Defence had four key objections, which, during the course of the inquiry, were shown to be a misreading of the bill.
One was that they were concerned that the bill didn’t actually create an agency that covered the full scope of test and evaluation. But, as was pointed out, the agency specifically looks to cover the entire capability life cycle, which goes from the conception of a capability and the defining of requirements that are effective and testable, which means that whatever we buy will actually achieve the mission and do so safely, through to assessment of intended solutions, the introduction of the service and the integration with the force.
Their second objection was that perhaps it would cause a duplication of effort.
But, as pointed out by other witnesses at the inquiry, the whole intent of this bill is to streamline efforts, to coordinate existing resources and to add new resources so that assessment of risk is timely and done by competent people, which will actually expedite procurement. There were a number of cases cited by witnesses, some in camera and some in public.
One example that was publicly cited was where concerns about schedules led to Defence saying, ‘We won’t do the kind of test and evaluation that is being proposed.’ Lo and behold, rather than being delivered on time, that project blew out some seven years and was several hundred per cent over the budget.
There are many of those sorts of examples that exist.
The third concern was that it might somehow diminish what they called the accountable officers’ obligation to be able to assure service chiefs and the government around the capabilities that have been procured and offered to government as military response options. But their own policy and their own evidence to the committee identified that test and evaluation is actually the key method by which objective, unbiased, accurate risk is communicated to those same accountable officers around whether or not a mission system can achieve the objectives that are required for it and whether it will be safe.
Their own policy and their own evidence indicates that an organisation which provides more timely, more accurate and more reliable assessments of risk will actually facilitate these officers conducting their roles.
Their fourth concern—and this is dealt with in one of the amendments covered in the supplementary explanatory memorandum—was that the proposal in the bill for the Defence Capability Assurance Agency to have a regulatory function and, to ensure continuity and depth of expertise, a technical mastery area supplied by industry created the possibility that whichever company won that contract might somehow develop a monopoly by setting standards that were inappropriate or that limited other players.
This concern had also been expressed by some from the industry sector.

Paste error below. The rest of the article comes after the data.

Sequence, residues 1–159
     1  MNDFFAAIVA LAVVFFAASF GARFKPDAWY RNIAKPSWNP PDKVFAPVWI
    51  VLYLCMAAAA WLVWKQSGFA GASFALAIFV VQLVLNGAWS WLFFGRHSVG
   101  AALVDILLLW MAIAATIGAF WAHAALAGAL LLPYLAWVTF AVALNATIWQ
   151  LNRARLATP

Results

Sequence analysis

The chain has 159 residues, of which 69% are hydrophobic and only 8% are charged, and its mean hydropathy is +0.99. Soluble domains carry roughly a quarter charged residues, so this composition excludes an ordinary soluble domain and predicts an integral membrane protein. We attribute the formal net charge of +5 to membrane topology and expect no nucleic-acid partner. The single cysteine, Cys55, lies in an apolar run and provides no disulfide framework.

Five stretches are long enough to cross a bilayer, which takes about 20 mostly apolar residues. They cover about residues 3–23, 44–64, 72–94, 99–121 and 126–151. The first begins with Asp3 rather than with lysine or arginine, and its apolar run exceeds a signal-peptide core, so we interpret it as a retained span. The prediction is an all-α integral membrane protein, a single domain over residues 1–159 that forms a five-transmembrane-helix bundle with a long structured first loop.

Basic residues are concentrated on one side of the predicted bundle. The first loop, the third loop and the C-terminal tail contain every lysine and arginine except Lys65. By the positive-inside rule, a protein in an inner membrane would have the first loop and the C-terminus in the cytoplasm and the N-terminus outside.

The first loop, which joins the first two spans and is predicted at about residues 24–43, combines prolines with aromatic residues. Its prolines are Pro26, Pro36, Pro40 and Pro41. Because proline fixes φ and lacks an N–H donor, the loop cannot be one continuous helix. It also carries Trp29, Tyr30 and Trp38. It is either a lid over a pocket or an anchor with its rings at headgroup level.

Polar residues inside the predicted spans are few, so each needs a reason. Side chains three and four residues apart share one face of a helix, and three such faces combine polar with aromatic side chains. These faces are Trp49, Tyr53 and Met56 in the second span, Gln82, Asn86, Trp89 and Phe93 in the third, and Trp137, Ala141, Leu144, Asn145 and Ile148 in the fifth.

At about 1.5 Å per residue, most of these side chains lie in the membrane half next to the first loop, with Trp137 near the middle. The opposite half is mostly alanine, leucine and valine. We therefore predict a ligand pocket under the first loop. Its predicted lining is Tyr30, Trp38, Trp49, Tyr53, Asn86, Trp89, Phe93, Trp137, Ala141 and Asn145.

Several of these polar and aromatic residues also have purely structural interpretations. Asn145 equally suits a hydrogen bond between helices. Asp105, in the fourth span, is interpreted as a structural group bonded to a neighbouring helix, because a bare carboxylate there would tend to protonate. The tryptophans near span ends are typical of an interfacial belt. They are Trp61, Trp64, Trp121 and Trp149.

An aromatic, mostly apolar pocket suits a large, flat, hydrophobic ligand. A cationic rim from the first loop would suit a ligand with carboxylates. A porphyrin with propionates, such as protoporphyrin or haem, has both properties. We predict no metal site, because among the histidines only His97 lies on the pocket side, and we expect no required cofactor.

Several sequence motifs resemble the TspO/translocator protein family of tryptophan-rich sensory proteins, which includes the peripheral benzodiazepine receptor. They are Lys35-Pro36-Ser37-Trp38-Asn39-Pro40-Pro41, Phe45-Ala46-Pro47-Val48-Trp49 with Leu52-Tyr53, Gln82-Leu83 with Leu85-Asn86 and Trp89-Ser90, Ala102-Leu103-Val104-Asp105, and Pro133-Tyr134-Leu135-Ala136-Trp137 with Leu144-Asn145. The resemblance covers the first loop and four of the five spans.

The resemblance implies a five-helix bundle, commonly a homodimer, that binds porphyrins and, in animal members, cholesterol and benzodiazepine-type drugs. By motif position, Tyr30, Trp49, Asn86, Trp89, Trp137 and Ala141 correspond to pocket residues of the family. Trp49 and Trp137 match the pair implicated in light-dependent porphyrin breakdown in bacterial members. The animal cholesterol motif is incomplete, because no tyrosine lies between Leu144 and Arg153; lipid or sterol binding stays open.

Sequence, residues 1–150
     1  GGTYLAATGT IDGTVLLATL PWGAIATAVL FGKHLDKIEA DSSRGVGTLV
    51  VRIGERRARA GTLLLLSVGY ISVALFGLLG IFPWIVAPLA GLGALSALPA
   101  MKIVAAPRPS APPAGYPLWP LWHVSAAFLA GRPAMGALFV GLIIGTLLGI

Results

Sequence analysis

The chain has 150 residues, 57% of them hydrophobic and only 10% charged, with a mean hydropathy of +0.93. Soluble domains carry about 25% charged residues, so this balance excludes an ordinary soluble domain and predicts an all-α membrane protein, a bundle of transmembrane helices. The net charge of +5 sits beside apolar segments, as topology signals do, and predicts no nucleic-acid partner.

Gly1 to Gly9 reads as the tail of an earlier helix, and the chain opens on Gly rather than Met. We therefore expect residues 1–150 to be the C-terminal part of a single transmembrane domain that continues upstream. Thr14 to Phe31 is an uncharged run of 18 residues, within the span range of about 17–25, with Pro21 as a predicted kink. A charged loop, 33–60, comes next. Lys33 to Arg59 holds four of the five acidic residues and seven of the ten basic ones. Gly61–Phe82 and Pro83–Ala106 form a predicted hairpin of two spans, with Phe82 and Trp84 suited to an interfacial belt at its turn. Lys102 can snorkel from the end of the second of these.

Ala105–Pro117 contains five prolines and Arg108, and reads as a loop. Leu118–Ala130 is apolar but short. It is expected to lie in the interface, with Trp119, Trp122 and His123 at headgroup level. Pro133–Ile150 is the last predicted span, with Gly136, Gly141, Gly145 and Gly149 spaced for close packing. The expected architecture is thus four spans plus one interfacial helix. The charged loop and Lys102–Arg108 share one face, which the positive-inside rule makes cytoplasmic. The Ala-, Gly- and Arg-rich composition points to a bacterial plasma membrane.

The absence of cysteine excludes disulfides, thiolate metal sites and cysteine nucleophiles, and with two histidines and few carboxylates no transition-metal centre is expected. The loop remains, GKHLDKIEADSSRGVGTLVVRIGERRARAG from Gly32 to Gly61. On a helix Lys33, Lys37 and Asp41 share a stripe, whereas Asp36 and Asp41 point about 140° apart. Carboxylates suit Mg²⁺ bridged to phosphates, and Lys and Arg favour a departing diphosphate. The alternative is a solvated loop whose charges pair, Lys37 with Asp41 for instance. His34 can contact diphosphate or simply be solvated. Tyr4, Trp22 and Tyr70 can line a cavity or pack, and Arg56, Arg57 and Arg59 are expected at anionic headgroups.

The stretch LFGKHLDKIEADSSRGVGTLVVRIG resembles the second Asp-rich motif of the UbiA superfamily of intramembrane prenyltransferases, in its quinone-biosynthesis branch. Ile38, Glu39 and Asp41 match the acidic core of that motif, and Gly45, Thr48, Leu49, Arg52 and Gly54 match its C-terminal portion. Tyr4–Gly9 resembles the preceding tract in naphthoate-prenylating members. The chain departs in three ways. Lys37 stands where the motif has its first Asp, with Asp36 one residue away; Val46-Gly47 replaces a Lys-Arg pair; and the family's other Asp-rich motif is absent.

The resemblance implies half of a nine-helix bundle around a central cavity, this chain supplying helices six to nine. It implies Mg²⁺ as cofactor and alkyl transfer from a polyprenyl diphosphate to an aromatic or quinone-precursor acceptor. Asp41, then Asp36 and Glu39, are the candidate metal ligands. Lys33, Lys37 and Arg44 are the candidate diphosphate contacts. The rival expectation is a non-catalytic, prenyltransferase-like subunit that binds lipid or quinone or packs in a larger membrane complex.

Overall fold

Discussion during the inquiry and the report of the inquiry highlighted that the explanatory memorandum and the bill should be amended to clarify that the Defence Capability Assurance Agency, as a Commonwealth entity, would be responsible for issuing subsequent contracts for people to deliver services, and that there would be an obligation on the Defence Capability Assurance Agency to make sure the standards set by the regulator met global best practice standards and were comparable with peer organisations, such as the Director Operational Test and Evaluation in the United States, such that they truly represented best practice and didn’t advantage or disadvantage any player in the Australian market.
This means that the range of companies, including a number of small and medium-sized companies in Australia who provide such services, will continue to have a role—in fact, they will have a greater role—in the provision of expert support for Defence both in training and in the planning, conduct and reporting of risk assessment activities.
So in this amendment there is a new clause, subclause (4) at the end of clause 19, which highlights that there is now an obligation on the agency to ensure that the industry partner:
… in maintaining, developing and regulating workforce and infrastructure standards as mentioned in subsection 11(2), does not inhibit effective competition for the defence industry sector to deliver services required by the agency in the performance of its functions.
The legislation envisaged two oversight bodies to ensure accountability and transparency.
One was an inspector-general of defence capability assurance, which would be, similar to the Inspector General of Intelligence and Security, a way of having a group who are cleared and capable of ensuring compliance within organisations that, appropriately, operate behind classifications of information.
This would make sure that Defence engages with the defence capability assurance agencies; takes appropriate note of the reports that are provided; and provides, throughout the decision chain for capability upgrades or modifications that are being introduced into service, transparent reports of the risks it’s identified so that all the way through to the National Security Committee of Cabinet people are able to interrogate what has been done to address risks and so actually expedite decision-making.
The other body was a parliamentary joint committee on defence.
The government’s response to the inquiry of the Joint Standing Committee on Foreign Affairs Defence and Trade into war powers supported the committee’s recommendation to establish a statutory committee on defence.
This essentially replicated the role and purpose of what was envisaged by the recommendation in the DCAA bill. So the second key amendment here is the removal of part 4, which was the establishment of the committee, because the government’s committee will do that.
I look forward to the contributions of other senators to this second reading debate.
Obviously, we don’t have time today to bring this to the second reading vote and the committee stage, but I have distributed amendments that reflect this supplementary explanatory memorandum and I look forward in the New Year to being able to complete this debate and bring forward this change for the benefit of Australia’s national security.